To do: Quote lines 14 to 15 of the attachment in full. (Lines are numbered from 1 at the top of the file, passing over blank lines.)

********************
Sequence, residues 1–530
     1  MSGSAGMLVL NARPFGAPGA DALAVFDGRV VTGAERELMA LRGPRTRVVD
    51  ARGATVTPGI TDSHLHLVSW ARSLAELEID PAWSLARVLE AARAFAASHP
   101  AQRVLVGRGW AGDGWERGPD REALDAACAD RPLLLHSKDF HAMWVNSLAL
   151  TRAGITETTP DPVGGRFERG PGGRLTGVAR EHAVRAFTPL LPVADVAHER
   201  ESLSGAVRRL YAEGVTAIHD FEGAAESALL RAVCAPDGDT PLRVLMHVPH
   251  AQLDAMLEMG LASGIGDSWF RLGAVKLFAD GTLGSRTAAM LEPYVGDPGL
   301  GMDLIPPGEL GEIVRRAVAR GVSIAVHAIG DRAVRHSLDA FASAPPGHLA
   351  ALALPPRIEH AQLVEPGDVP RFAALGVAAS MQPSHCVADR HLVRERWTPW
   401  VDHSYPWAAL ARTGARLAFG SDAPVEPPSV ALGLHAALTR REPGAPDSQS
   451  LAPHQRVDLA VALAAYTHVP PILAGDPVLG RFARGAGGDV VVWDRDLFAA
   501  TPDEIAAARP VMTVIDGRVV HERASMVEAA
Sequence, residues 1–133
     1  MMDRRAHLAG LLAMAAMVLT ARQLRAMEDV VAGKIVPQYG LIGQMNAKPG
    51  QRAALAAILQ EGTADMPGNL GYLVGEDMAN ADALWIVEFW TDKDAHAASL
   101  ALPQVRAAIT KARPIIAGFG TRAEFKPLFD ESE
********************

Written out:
     1  MMDRRAHLAG LLAMAAMVLT ARQLRAMEDV VAGKIVPQYG LIGQMNAKPG
    51  QRAALAAILQ EGTADMPGNL GYLVGEDMAN ADALWIVEFW TDKDAHAASL